I certainly don’t believe they should be brought up in a yoga class by a yoga teacher.
    Namaste Gina

    Reply
    1. laurasana Post author

      Hi Gina! Thanks for taking the time to read and respond, I always appreciate that. I agree that there are many times when views need to be kept to ourselves- especially if they would cause that “himsa” (violence) we’re avoiding with “ahimsa.”

      I also agree with you that a yoga class should have nothing to do with politics- and I’d be extremely uncomfortable if any teacher voiced them during a class!

      What I’m more concerned with, and what I found freeing for myself, was finding that I had been holding back (not in class) but in other places- social media, or conversations with friends- when it would have been an appropriate time to voice an opinion and “live my truth.” In doing so, I felt I was not being true to myself. I find that when I’m not being true to myself it can come across to other people as not being sincere, or that I’m holding something back- which, in fact, I am. I feel much better when I can say (to myself) “This is how I feel, and I’m okay with it.”

      There are people that we meet in our lives that you can sense they are 100% themselves, and I find I value that more and more. When I am talking to or engaged with someone who is holding something back, or not being really themselves, it doesn’t have the same openness. Whether we agree or not on religion, politics, or yoga, the open quality to conversation is the best place for us to forge that human connection.

      Thanks again for reading and writing, and getting me thinking. I always enjoy our discussions. 🙂

      Reply
      1. Gina Keveryn

        I’ve seen it in my own family how things like politics and religion can cause such fractures in relationships. We should all respect each others views. My truth is this:When I was young I was a Democrat,yes I voted for Jimmy Carter. When I began making money I became a Republican. Now, I’m an Independent and don’t believe any politician! There all full of crap IMO. You have every right to voice your opinions if you feel the need to. Just remember you may be like me and look back and say “Why did I vote for Jimmy Carter?”LOL

      2. Jann Dolk

        Oh GIna- so funny! Not the fractured relationships, but the democrat to republican to independent! Yep, I too voted for Jimmy; hmmmmmmmm, I volunteered for the McGovern campaign decades ago…………..politics- same mess it’s been since centuries ago.

  3. Christine Suriano

    Thank you so much for your blog comments, Laura! Tony and I live in a house divided. At times we agree to disagree, sometime our sharing/discussion is “emery-board quality” and like the “elephant in the living room”, we’ll walk around it, under it and pretend it isn’t there. That behavior takes place with some friends, too. At this stage of my life, confrontations take me away from what I have been working at in my yoga practice and philosophies. So, like yourself we take a “better left unsaid” attitude.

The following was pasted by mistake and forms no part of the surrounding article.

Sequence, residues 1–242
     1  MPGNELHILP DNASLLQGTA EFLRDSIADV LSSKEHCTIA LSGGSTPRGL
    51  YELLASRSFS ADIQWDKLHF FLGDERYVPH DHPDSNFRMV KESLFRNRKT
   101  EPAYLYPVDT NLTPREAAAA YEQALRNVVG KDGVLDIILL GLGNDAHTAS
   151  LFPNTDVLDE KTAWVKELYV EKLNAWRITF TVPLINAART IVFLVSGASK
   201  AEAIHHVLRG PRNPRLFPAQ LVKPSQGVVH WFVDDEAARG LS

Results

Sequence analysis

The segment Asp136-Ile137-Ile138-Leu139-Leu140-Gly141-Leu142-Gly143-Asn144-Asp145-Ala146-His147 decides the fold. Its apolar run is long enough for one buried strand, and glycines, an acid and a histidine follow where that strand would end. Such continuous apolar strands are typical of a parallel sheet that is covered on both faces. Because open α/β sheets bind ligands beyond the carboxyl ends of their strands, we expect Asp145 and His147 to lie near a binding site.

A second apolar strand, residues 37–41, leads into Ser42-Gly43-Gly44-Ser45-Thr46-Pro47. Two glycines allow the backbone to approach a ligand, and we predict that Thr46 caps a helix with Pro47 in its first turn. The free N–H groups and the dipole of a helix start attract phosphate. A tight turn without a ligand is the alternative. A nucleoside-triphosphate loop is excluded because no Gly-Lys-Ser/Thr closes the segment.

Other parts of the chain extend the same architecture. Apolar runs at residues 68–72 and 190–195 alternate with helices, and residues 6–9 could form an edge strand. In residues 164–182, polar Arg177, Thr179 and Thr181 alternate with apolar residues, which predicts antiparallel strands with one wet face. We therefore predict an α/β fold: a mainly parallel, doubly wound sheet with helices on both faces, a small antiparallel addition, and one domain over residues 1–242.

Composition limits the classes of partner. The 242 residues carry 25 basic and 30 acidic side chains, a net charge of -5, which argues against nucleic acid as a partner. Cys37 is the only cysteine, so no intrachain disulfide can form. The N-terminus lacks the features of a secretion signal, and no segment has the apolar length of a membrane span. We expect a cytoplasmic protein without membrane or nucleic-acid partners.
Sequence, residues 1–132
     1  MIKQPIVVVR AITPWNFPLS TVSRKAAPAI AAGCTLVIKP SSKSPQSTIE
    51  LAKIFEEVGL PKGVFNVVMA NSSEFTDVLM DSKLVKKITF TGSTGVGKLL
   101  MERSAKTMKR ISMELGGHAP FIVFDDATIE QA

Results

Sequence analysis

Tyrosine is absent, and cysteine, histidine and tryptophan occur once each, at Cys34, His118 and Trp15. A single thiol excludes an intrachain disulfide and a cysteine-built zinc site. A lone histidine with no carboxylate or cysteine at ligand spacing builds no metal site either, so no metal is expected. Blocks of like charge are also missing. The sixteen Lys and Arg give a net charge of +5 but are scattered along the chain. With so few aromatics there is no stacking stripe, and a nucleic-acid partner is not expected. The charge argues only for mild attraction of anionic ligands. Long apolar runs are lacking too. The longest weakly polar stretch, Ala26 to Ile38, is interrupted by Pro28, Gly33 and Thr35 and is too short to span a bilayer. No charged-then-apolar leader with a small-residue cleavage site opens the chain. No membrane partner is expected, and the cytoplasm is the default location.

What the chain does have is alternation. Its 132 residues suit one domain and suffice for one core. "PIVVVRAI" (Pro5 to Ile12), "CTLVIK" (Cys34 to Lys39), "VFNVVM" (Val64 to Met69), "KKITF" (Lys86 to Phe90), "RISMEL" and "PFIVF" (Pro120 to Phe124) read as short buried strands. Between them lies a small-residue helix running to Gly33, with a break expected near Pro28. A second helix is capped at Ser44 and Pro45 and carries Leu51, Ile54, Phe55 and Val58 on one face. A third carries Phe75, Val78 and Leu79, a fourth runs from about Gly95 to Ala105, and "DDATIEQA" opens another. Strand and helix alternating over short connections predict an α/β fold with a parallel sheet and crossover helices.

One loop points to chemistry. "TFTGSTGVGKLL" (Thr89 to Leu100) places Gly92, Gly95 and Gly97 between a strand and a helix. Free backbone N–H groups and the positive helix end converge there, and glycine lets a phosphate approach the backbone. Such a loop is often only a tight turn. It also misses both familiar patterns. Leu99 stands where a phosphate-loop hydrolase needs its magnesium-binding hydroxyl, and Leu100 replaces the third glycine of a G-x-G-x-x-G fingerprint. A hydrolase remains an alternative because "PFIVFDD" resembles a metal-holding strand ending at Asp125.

I enjoy a sharing of political opinions, just like I do with the edgy discussions regarding religion…but, I do not appreciate someone trying to convince me differently, no salesperson approach for me…honesty YES, truth, YES.

    The question is: If I believe I have the TRUTH and the Other believes they have the TRUTH…what is the TRUTH?

    If you would like to discuss the above, I’m in (after a class).

    Reply
    1. laurasana Post author

      Hi Chris!

      You raise such a great point. Honesty vs. truth! I think in most of my post we could replace “Truth” with “honesty” and it would read the same. I am most concerned (for myself) with expressing “my own truth,” by which I mean, being honest and open about what I believe, as much as possible. Most of the time (okay, maybe about half of the time) I am able to remember that what I believe so strongly is “truth” is really just a filtered “belief.”

      I also think that sometimes the “better left unsaid” attitude is not necessarily a bad thing, especially if saying it would cause harm or violence. However, there’s a difference between leaving it unsaid and pretending to agree. I think in my case, my heart knows the difference.

      Love the thought-provoking comments!! And thank you for reading 🙂

      Reply
  4. Pingback: Week #3, Yama #3: Asteya- You’re Stealing More Than You Think | laurasana